Studies showing an advantage of transradial approach (TR) for coronary angiography and intervention (PCI) compared to the transfemoral approach (TF) predominantly included a younger population. Therefore, we conducted a meta-analysis of published studies to determine the efficacy of TR in the elderly population.
METHODS AND RESULTS:
A comprehensive search identified 16 studies [3 randomized controlled studies, 13 observational] comprising 777,841 elderly patients undergoing PCI. TR was used in 99,201 patients and TF in 678,640 patients. The results from observational studies showed that TR was associated with a lower rate of vascular complications (0.4% vs. 0.8%, OR 0.36, 95% CI 0.30–0.44), stroke (0.3% vs. 0.4%, OR 0.81, 95% CI 0.66–1.0) and death (2.0% vs. 2.2%, OR 0.51, 95% CI 0.41–0.63). RCTs confirmed findings from observational studies for both significant reduction in vascular complications (2.7% vs. 7%, OR 0.37, 95% CI 0.23–0.60) and stroke (0.4% vs. 1.4%, OR 0.31, 95% CI 0.10–0.97) but showed no effect on mortality (3.3% vs. 2.8%, OR 1.20, 95% CI 0.69–2.09). However, among patients with ST elevation myocardial infarction (STEMI), TR was associated with a mortality benefit (5% vs. 7%, OR 0.48, 95% CI 0.25–0.90, p=0.02). Access site crossover rate was higher for TR compared to the TF approach (11% vs. 3%, p=0.0003) but there was no difference in contrast media use, procedure duration, fluoroscopy time and door to balloon time for STEMI.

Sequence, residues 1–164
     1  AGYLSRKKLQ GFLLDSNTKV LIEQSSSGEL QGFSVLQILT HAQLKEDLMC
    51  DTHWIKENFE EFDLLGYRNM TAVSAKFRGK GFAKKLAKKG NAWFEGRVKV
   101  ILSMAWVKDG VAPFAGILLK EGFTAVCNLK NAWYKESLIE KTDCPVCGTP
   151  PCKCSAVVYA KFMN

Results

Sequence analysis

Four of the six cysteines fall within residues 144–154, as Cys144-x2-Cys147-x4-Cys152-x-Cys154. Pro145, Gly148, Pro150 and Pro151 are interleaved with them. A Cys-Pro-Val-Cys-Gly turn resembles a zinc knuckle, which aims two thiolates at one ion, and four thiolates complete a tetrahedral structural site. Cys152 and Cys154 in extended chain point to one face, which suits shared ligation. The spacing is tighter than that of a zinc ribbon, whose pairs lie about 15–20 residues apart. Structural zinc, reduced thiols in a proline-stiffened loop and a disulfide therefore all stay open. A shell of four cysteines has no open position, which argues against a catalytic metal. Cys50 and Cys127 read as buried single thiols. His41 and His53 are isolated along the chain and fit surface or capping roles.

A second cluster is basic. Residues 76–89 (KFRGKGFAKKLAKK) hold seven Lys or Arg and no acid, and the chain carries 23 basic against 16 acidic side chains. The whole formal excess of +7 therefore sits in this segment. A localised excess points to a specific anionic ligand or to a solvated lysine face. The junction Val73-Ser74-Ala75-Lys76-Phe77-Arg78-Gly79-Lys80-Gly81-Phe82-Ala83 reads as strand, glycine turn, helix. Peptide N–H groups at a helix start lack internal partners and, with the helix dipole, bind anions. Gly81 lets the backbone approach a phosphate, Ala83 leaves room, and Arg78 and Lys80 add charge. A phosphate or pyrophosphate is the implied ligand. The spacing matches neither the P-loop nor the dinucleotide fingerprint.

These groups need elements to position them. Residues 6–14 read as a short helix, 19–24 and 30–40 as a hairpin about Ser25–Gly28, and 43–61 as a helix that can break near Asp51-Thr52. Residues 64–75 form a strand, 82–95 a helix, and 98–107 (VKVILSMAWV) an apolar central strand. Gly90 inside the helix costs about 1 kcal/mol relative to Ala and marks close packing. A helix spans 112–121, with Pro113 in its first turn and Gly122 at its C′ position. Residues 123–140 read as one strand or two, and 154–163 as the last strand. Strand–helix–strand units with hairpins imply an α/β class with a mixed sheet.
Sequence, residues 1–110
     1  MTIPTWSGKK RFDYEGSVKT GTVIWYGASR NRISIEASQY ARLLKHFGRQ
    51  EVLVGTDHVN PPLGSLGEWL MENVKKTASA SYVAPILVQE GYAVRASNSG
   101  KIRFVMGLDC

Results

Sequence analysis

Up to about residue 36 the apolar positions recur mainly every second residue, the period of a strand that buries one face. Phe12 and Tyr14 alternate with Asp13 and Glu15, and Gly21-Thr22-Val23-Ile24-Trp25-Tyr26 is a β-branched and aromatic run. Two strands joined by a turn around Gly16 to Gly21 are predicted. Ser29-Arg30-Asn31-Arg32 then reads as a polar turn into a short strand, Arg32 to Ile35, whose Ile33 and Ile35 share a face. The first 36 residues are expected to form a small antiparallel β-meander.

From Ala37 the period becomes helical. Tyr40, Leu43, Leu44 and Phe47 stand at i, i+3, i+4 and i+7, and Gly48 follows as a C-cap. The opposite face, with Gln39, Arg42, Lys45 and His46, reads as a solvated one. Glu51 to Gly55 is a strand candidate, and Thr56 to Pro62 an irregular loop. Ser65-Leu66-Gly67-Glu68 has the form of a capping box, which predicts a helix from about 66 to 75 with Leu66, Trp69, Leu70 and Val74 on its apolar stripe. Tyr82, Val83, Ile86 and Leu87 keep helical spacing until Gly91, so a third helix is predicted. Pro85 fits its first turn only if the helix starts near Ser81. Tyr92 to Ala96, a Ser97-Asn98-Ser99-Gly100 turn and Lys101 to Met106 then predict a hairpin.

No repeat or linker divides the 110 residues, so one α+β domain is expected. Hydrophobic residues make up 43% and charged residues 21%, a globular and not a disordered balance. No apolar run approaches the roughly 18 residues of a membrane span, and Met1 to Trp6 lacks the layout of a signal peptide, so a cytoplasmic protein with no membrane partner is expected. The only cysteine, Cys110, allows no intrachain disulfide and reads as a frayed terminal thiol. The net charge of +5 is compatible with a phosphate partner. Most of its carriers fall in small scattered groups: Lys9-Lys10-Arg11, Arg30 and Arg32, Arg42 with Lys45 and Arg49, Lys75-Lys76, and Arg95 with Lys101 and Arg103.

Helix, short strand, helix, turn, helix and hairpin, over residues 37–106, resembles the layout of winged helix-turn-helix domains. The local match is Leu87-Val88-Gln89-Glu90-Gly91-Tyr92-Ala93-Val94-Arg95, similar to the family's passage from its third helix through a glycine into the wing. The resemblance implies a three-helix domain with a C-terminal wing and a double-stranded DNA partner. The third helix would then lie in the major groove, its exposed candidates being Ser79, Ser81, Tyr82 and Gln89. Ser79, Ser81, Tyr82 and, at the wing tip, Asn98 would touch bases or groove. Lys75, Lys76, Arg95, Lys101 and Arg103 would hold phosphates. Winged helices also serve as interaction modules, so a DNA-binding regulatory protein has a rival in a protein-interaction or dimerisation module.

TR for PCI in the elderly is associated with a reduced risk of stroke, lower rate of vascular complications overall and a mortality benefit for patients presenting with STEMI. The access site cross rate for TR is higher compared to TF but remains acceptably low. TR should be the preferred strategy for PCI in the elderly to optimize clinical benefit in this high-risk group.